John: A VPN is a virtual private network. On a network like your home or office network, your machine is connected to a network of machines through wires or wireless connections, typically through a router which manages all of the communication among the machines in the network. A VPN is the same concept – only in the “virtual” realm. With a VPN, you connect to another network over the internet, but instead of your connection to that network being direct, it’s through encrypted software tunnels. The encryption is necessary because on the internet, there are litererally hundreds of millions of machines that may have access to the data you’re transmitting if there wasn’t any encryption.
There are many different benefits to a VPN. First, all websites and email that are sent act as if they’re coming from the virtual network you’re connected to. So if you are connecting to a VPN in Germany, for example, anyone tracking your location thinks you’re coming from Germany instead of the reality that you’re mailing for Hoboken, New Jersey. Also, all of your data is encrypted between you and the VPN server. This means your ISP (internet service provider) cannot intercept the data you’re sending. If you’re not using a VPN and you’re Googl’ing information on buying a new Ferrari, your ISP sees what you’re looking at, Google sees what you’re looking at, and now we know that the NSA sees what you’re looking at.
That data is collected, stored forever, and frequently sold. Businesses buy this data so they can market goods to you. The IRS is checking to see if you can afford a Ferrari, and marketing companies are using this data to mark up the price of goods you’re searching for over the guy that’s looking for a 1986 Honda. In essence, your data is being stolen from you and used against you – whether you’re doing something wrong or not – and that’s wrong.
A good VPN protects against this by separating the data from being identified with you. There are several great commercial services out there, and there are
semi-VPN services like Tor and I2P that eliminate the weakness of a particular company running the service being accosted like Lavabit was recently.
When shopping for a VPN service, look for companies that separate their billing and operational characteristics. You’d ideally like to create a separation between your credit card purchase and your customer account with the company. Alternatively, use VPN services that accept bitcoins to preserve your anonymity. Look for VPN services that operate one or more of their servers outside of the country you’re in – you want not just technical protection, but some measure of jurisdictional protection. Make sure the VPN service uses OpenVPN or PPTP because these are industry standards. Security by obscurity is a recipe for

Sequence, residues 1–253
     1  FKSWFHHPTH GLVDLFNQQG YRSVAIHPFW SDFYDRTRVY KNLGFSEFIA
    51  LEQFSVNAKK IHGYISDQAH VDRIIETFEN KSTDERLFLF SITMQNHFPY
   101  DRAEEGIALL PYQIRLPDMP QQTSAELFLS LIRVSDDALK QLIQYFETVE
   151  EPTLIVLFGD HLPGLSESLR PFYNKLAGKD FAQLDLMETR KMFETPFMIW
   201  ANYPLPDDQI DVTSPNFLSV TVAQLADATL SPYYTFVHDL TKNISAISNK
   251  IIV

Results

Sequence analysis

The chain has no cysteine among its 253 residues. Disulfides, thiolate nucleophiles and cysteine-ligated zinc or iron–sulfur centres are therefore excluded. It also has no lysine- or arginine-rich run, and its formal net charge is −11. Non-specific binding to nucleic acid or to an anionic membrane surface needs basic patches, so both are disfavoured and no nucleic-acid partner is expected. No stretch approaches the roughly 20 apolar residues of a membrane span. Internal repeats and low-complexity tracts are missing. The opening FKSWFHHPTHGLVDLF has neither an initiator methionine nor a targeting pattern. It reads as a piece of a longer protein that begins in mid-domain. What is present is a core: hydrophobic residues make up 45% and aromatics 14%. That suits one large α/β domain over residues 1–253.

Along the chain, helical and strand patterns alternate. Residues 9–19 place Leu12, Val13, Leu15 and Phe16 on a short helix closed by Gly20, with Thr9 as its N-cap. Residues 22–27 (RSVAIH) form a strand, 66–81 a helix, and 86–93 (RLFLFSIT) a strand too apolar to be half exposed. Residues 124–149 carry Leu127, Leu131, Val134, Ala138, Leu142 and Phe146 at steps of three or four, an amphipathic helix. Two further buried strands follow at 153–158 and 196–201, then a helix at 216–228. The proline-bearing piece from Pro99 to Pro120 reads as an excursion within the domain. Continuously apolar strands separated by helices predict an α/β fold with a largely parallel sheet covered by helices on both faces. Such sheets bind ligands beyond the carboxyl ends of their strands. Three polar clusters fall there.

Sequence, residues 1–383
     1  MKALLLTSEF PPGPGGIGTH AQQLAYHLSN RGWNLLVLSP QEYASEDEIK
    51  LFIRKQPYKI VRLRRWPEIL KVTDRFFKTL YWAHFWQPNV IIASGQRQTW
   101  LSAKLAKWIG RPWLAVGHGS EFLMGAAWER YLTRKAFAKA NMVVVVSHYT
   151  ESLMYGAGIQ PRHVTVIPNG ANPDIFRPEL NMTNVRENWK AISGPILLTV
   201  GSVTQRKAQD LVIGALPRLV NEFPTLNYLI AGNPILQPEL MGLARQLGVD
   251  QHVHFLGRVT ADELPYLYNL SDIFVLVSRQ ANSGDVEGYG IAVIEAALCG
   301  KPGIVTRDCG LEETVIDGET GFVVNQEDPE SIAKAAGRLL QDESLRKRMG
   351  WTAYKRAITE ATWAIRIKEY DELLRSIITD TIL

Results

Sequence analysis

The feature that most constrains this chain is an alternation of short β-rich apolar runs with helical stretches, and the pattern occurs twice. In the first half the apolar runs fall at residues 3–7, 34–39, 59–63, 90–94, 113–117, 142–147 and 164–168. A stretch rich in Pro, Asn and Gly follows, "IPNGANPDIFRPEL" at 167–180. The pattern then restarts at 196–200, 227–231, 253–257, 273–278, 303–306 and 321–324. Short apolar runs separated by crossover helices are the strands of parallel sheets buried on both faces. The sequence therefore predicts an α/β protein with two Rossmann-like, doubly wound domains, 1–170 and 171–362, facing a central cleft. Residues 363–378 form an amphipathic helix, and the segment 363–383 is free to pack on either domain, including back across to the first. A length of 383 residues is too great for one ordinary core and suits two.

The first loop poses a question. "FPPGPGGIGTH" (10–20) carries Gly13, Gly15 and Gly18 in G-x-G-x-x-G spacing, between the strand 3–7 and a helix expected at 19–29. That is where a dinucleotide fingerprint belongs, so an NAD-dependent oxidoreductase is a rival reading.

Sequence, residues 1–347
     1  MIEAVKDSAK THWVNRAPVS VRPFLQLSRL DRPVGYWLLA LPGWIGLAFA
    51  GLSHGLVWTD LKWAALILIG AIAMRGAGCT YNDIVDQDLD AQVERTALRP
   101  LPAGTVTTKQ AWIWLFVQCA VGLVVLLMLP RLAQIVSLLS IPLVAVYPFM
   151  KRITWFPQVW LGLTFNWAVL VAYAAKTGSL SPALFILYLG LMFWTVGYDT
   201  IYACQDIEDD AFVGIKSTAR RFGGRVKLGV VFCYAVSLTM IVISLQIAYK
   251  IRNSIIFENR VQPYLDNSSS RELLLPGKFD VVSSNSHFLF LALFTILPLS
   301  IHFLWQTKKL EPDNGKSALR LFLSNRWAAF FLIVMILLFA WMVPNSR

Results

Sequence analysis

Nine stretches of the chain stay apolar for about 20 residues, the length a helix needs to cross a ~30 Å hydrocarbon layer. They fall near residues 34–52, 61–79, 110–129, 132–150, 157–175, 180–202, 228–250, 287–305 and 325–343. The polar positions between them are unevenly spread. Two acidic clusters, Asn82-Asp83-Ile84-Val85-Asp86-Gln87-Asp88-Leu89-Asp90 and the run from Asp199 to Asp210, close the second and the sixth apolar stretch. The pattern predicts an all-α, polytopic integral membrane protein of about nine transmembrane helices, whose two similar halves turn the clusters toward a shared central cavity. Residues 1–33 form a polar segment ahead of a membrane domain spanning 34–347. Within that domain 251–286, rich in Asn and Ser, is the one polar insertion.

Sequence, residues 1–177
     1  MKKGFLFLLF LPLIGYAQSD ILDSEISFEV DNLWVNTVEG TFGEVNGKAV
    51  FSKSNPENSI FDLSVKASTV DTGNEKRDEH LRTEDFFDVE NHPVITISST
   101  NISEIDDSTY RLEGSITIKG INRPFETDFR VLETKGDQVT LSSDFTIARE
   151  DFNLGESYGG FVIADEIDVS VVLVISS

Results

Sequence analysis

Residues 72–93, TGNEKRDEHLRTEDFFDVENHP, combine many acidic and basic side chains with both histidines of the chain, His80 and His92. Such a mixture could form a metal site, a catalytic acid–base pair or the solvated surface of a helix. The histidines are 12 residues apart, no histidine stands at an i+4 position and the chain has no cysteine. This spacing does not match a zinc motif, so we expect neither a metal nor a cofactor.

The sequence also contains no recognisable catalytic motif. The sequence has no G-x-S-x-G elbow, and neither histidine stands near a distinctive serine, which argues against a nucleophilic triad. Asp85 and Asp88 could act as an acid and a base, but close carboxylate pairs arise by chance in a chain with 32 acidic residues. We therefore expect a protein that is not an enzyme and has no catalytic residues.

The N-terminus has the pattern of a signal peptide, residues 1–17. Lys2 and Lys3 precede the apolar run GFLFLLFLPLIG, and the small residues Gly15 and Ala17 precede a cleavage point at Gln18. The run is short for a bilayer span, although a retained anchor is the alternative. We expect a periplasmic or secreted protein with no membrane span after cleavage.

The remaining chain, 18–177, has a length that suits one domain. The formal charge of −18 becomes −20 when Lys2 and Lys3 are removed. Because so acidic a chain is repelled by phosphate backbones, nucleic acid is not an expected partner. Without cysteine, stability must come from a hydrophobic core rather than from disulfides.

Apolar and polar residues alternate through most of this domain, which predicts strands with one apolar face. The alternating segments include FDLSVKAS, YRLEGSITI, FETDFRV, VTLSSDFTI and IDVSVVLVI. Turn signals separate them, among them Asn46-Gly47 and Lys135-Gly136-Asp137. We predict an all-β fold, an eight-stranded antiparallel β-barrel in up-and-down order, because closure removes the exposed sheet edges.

disaster. Their Term of Service should indicate they don’t store or log traffic records or IP addresses. Remember, you’re paying for protection – make sure you’re getting it.
Mark: Are they easy to use? Are they really that secure?
John: VPNs are as secure as is feasible today. There is no way to guarantee their security indefinitely – at some point, current technology will be broken. It’s inevitable. The NSA has spent billions of taxpayer funds on facilities like the one in Utah to store things forever so that if and when the encryption is broken, they can read back data. You never know what the law will be years in the future, and we have seen that the idea of ex post facto laws, laws that cannot be retroactive, is dead. So even if you’re not breaking laws today, who knows what could be held against you in the next decade or so.
We see recently that the IRS has been used as a weapon against individuals. The risk of something like this being abused is not just high – history says it’s
inevitable. If it doesn’t stop, and there are only signs that the war against privacy is escalating, then the future is bleak, indeed.
Quantum computers, more efficient mathematical algorithms, and other technical improvements mean that today’s encryption will be obsolete at some point. So remember, whatever you send out there today exists FOREVER. Even if it’s unreadable now doesn’t mean it will be unreadable in a decade.
When encrypting email with something like GPG, use maximum bit sizes like 4096 bits. Make sure you’re connecting to all websites and email servers with encryption like SSL/TLS. Use VPNs religiously – it only takes one mistake to be traceable because records exist eternally. Encrypt, encrypt, encrypt – be diligent. It’s not a game.
Mark: Thanks John, that’s a ton of great information. We’ll talk more on Thursday.
John: You’re welcome. I hope it gives your readers some food for thought until then.
We haven’t been forcing this security stuff down your throat the last two weeks for nothing. There’s been a lot of great information released that can help you understand and protect yourself, but it’s still a hard slog.
What we are bringing attention to and defending in these posts is the right to privacy for law-abiding citizens, not child pornographers, drug dealers or gun runners. We aren’t suggesting herein, although it might seem that way, that the ONLY threats to your security come from government snoops. There are other nefarious individuals at work out there who profit greatly from stealing your private information.
There are a lot of very practical reasons to be concerned about your privacy and security, and you’d be surprised where the threats come from! This recent article will give you an idea just how many of the items you use every day and take for granted are eavesdropping on you. Even your coffee machine sends data to the manufacturer! We can’t make this shit up folks!
On Thursday we’ll get more specific on how to change your current habits, and suggest some specific ways to stay safe and secure online.
“If you want total security, go to prison. There you’re fed, clothed, given medical care and so on. The only thing lacking… is freedom.” – Dwight D. Eisenhower